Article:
United States District Court, M.D. North Carolina
NATHAN E. WILSON, Plaintiff,
FAIRFIELD INN SUITES-MARRIOTT, RDU, Defendant.
MEMORANDUM OPINION AND ORDER
Patrick Auld United States Magistrate Judge.
matter comes before the Court on “Defendant's
Motion to Compel Plaintiff's Responses to Defendant's
Discovery Requests” (Docket Entry 37 (the “Motion
to Compel”)) and Plaintiff's “Motion [for an]
Extension of Time to Answer Defendant Discovery Demands and
Serve Discovery Requests for Answer” (Docket Entry 39
(the “Extension Motion”)). For the reasons that
follow, the Court will grant the Motion to Compel and deny
the Extension Motion.
pro se Amended Complaint alleges disability discrimination by
Defendant in violation of the Americans with Disabilities Act
of 1990. (See Docket Entry 7 at 1.) At the Initial
Pretrial Conference, the Court set a discovery deadline of
April 30, 2017. (See Text Order dated Oct. 31, 2016
(adopting, in relevant part, Docket Entry 18); see
also Docket Entry 18 at 2 (“The date for the
completion of all discovery (general and expert) should be
April 30, 2017.”).) On December 30, 2016, Defendant
served on Plaintiff its first set of interrogatories and
first request for production of documents (the
“Discovery Requests”). (Docket Entry 38-2 at 2;
see also Docket Entry 38-1 (providing copy of the
Discovery Requests).) On January 19, 2017, Plaintiff moved
for an indefinite extension of time to respond to the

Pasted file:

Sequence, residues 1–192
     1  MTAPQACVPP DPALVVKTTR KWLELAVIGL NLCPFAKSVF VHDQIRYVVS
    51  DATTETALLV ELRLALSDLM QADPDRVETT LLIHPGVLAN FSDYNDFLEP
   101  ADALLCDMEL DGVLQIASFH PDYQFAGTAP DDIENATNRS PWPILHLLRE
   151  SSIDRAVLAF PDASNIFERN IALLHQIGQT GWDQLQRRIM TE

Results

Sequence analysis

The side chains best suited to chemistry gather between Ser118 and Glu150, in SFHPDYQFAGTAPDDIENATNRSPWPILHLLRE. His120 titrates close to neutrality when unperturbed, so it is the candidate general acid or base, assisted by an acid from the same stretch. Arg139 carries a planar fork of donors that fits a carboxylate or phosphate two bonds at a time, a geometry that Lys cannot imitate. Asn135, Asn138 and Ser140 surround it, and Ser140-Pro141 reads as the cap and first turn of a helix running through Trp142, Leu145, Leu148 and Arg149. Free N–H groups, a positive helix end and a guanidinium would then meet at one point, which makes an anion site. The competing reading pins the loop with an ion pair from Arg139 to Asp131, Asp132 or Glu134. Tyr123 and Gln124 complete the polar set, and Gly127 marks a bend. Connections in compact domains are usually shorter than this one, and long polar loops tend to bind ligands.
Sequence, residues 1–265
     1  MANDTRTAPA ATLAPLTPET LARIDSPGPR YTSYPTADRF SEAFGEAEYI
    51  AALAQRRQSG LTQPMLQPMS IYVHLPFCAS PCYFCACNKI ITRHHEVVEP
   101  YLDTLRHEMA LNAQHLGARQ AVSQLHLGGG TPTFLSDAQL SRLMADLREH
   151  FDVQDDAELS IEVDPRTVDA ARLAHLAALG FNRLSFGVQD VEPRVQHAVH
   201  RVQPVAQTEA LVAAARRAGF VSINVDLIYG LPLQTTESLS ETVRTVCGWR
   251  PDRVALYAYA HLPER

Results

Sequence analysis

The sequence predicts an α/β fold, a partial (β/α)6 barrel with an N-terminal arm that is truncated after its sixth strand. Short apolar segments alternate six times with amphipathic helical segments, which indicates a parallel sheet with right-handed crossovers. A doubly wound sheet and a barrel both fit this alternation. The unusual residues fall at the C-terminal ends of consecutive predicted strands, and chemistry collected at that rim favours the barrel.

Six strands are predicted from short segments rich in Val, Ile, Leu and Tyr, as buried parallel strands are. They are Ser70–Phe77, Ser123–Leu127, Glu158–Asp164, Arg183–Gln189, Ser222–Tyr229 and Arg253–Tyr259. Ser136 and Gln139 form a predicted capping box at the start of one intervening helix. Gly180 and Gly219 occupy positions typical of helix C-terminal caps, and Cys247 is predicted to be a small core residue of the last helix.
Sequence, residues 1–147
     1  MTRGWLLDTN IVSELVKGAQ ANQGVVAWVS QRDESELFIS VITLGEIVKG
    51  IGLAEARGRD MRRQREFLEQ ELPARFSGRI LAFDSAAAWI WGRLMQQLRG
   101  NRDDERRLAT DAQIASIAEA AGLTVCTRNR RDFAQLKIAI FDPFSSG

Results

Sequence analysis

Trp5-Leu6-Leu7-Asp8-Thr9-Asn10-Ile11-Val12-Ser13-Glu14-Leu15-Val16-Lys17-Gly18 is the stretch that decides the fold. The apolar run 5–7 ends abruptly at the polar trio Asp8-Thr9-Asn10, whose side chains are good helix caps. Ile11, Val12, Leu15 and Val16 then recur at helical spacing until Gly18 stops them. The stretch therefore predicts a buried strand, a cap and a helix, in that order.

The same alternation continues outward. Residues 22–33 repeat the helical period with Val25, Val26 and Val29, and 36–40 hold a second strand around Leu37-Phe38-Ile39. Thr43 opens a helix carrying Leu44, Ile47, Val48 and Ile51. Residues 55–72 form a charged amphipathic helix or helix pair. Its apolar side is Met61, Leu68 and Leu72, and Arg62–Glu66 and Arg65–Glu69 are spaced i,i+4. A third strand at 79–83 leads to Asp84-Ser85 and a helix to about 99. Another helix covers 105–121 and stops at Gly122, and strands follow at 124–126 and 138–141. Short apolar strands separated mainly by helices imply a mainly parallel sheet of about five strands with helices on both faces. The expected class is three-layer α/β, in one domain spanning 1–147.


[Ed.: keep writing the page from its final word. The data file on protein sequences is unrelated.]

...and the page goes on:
Discovery Requests (Docket Entry 26), but the Court denied
that motion on January 27, 2017 (Text Order dated Jan. 27,
February 10, 2017, Defendant emailed Plaintiff to inquire
about the status of the Discovery Requests (Docket Entry 38-2
at 2; see also id. at 5)). On February 13, 2017,
Plaintiff responded to Defendant's email, stating,
inter alia, that he “request[ed] a
specific time-frame to answer discovery
after 2/17/17.” (Id. at 7 (emphasis
in original) (all-caps font omitted); see also id.
at 2-3.) On February 20, 2017, Defendant emailed Plaintiff,
requesting that he respond within ten days to the Discovery
Requests or, in the alternative, schedule a telephone
conference to discuss discovery issues. (Id. at 3;
see also id. at 13.)
February 27, 2017, Plaintiff filed another motion seeking a
lengthy extension of time to respond to Defendant's
Discovery Requests. (Docket Entry 31.) On March 3, 2017, the
Court denied that motion (Docket Entry 34), and, that same
day, Defendant emailed Plaintiff asking that he provide
either responses to the Discovery Requests by March 10, 2017,
or a time when he could discuss discovery issues (Docket
Entry 38-2 at 3; see also id. at 15). In that same
email, Defendant advised Plaintiff that it would pursue a
motion to compel if he did not respond. (See id. at
15.) Plaintiff failed to respond to either Defendant's
email or the Discovery Requests. (Id. at 3; see
also Docket Entry 38 at 1 (“Plaintiff has
steadfastly failed and refused to provide any response to
Defendant's [Discovery Requests].”).)
result, Defendant filed the Motion to Compel. (Docket Entry
37; see also Docket Entry 38 (supporting
memorandum).) In response, Plaintiff filed the Extension
Motion (Docket Entry 39) requesting an additional 90 days
from April 6, 2017, to respond to the Discovery Requests
(see id. at 1). Defendant has opposed any further
extension. (See Docket Entry 40.)
Motion to Compel
purpose of discovery is to provide a mechanism for making
relevant information available to the litigants.”
Fed.R.Civ.P. 26 advisory committee's note, 1983 amend.
Under the Federal Rules of Civil Procedure (the
“Rules”), “[u]nless otherwise limited by
court order, . . . [p]arties may obtain discovery regarding
any nonprivileged matter that is relevant to any party's
claim or defense and proportional to the needs of the case .
. . .” Fed.R.Civ.P. 26(b)(1). Traditionally, the party
opposing discovery bears the burden in a discovery dispute.
See Hughes v. Research Triangle Inst., No.